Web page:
Concise Advice

Doctor impairment

Last reviewed/updated: 01 Jun 2022

The Health practitioner regulation national law defines an impairment of a health practitioner as “… a physical or mental impairment, disability, condition or disorder (including substance abuse or dependence) that detrimentally affects or is likely to detrimentally affect … the person’s capacity to practise the profession”.


  • Out of character behaviour
  • Less empathy for patients’ problems
  • Unexplained time off work
  • Spending more time at work
  • Making errors
  • Declining quality of work
  • Change in appearance, e.g. weight loss, looking tired, less attention to grooming

Depending on the situation, it can help if a trusted colleague sits down with the health practitioner to discuss concerns, explore the underlying cause, and assess their insight:

  • Ensure privacy and allow adequate time.
  • Show care, not judgement.
  • Use open and direct communication.
  • Be respectful.


You could encourage your colleague to:

  • seek medical attention
  • take time off work
  • seek advice from their medical defence organisation.

According to the Australian Health Practitioner Regulation Agency's (AHPRA's) mandatory notification guidelines, all registered health practitioners have a legal obligation to report if they form a reasonable belief that any other health practitioner (or student undertaking clinical training) is placing the public at substantial risk of harm (a very high threshold for reporting risk of harm to the public) by practising with an impairment.

A reasonable belief about the impairment must be formed while practising the profession, i.e. not during personal time.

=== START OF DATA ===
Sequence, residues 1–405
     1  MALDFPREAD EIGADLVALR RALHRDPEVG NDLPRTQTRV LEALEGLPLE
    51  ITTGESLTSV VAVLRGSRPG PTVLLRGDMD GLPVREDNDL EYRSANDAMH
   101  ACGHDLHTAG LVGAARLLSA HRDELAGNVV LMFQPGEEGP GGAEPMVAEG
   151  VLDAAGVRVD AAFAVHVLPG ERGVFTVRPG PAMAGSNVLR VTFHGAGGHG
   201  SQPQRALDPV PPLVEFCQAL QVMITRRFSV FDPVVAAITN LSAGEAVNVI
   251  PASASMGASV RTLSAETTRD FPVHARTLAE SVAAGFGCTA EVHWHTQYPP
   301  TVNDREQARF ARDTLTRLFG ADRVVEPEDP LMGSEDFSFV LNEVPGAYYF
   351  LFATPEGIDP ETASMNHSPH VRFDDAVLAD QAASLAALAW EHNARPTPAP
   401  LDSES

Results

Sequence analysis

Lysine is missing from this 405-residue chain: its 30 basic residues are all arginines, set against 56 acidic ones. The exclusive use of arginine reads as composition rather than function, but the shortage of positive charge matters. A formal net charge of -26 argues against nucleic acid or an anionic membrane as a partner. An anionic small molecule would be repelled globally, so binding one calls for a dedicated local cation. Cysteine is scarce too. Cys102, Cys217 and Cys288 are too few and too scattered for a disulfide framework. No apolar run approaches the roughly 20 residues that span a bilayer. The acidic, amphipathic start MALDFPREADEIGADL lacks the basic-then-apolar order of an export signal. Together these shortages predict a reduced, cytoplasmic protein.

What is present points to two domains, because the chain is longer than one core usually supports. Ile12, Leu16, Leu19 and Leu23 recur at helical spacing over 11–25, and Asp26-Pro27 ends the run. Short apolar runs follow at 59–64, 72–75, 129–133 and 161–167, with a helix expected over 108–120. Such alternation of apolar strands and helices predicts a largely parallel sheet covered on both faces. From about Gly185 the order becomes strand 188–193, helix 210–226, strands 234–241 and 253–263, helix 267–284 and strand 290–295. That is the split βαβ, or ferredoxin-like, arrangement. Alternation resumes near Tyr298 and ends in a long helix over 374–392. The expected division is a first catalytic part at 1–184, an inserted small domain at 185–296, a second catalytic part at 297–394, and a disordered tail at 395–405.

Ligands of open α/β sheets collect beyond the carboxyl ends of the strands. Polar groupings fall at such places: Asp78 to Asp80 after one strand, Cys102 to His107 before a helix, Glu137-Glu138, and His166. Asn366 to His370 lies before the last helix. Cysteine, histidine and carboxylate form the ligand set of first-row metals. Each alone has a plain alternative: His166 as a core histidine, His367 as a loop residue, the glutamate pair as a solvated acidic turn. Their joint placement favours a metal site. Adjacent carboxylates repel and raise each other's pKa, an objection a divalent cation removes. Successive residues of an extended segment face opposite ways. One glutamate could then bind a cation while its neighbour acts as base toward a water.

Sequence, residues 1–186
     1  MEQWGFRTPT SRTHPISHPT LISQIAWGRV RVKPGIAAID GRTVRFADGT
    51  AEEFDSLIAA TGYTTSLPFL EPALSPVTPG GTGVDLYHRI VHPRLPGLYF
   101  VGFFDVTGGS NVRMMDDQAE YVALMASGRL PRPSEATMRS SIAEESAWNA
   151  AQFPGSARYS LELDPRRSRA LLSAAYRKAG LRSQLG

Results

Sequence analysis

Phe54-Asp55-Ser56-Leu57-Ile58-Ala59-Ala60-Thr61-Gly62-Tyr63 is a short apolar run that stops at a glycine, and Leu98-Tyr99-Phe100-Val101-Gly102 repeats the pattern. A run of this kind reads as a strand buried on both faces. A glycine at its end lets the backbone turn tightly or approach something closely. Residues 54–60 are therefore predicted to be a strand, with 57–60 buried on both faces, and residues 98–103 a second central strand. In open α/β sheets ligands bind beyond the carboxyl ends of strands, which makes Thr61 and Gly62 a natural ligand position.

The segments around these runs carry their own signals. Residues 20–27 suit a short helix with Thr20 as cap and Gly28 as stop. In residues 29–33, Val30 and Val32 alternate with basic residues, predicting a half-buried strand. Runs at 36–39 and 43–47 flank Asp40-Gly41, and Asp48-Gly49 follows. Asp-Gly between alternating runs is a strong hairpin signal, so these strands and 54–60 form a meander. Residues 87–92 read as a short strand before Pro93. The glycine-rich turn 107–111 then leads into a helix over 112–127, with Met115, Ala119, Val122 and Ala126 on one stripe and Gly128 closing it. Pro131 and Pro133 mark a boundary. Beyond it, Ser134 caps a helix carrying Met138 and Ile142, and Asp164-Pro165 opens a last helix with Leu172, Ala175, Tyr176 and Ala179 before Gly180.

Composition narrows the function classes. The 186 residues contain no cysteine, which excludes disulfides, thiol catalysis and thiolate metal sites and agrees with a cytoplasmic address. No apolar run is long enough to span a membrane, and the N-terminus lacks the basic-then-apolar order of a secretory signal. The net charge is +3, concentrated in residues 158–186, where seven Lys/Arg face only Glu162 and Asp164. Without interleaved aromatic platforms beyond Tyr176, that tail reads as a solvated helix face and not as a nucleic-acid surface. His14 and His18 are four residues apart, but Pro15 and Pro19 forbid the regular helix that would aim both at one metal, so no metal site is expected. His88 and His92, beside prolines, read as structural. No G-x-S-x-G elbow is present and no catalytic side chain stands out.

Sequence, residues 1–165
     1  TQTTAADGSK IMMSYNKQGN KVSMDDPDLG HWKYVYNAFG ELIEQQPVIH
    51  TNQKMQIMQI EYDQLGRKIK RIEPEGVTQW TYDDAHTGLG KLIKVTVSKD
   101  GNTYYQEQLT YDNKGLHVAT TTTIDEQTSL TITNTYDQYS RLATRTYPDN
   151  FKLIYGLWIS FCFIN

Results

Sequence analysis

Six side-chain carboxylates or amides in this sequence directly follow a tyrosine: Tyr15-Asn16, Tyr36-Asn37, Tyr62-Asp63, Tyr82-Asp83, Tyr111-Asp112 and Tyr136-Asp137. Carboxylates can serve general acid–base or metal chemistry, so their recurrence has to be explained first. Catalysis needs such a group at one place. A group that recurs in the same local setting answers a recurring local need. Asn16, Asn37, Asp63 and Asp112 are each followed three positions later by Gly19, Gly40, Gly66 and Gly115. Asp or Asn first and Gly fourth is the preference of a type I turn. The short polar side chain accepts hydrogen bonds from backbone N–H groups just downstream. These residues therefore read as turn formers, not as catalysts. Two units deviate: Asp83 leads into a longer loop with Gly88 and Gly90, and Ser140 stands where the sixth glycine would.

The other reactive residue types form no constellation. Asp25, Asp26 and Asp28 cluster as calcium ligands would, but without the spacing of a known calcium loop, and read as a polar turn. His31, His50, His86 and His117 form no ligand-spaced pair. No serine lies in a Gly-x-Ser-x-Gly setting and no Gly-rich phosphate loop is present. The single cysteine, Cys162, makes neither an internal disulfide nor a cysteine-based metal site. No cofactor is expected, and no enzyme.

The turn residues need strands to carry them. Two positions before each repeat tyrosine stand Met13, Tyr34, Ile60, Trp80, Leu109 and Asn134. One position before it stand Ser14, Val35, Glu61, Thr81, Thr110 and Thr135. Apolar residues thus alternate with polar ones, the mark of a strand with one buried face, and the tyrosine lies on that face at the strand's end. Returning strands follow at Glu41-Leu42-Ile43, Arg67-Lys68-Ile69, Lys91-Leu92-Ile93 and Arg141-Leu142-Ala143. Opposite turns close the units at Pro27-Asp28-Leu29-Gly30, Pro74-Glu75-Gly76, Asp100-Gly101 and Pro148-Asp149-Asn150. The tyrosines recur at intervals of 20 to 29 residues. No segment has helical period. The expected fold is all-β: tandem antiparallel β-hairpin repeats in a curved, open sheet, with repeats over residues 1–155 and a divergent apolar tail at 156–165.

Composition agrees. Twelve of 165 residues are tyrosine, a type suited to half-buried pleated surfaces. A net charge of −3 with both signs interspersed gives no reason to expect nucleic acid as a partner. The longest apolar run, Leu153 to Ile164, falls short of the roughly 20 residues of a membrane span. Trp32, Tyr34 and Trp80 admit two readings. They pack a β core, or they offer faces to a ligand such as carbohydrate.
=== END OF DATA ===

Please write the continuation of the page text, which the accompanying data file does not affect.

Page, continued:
Direct knowledge or observation of behaviour that places the public at risk of substantial harm. Conclusive proof is not needed.

X  Speculation, rumours, gossip or innuendo.

The threshold for making a mandatory notification as a practitioner providing a health service to a practitioner/clinical student is higher than for other notifier groups. There are exemptions to the obligation in Queensland in certain circumstances and in WA.

You may not be required to make a mandatory notification if effective controls (e.g. treatment, change to scope of practice, or stopping work) are in place to manage the impairment and reduce the risk and severity of harm to the public.

In WA, treating practitioners are exempt from the requirement to make a mandatory notification. However, these practitioners still have a professional and ethical obligation to protect and promote public health and safety so they may consider making a voluntary notification. 

In Queensland, practitioners aren't required to make a mandatory notification when their reasonable belief forms while providing a health service to a health practitioner and where the treating practitioner reasonably believes that the notifiable conduct relates to an impairment that will not place the public at substantial risk of harm and is not professional misconduct.

The code of conduct states:(p24)

Good medical practice involves: ...

  • not relying on your own assessment of the risk you pose to patients
  • consulting your doctor about whether, and in what ways, you may need to modify your practice, and following the doctor's advice.

There’s no need to report if you’re managing your health issue and there is no substantial risk of harm to the public.

If you feel you may need to make a self-report, discuss the situation with your medical indemnity insurer.

Notify AHPRA in every state and territory except Queensland.

In Queensland, notify the Office of the Health Ombudsman.

Yes, provided the notification is made in good faith (well-intentioned and without malice).

The Australian Health Practitioner Regulation Agency will try to keep your details confidential if you ask to remain anonymous; however, there are limitations to confidentiality.

Need more specific advice?

  • Call 1800 011 255 – available 24 hours a day in an emergency
  • Complete our Contact us form
  • Don't hesitate to ask us a question, we're here to support Members


The information on this page is a guide only. Members are encouraged to contact us directly for specific advice. If you are not an MDA National Member, contact your medical indemnity insurer for advice specific to your situation.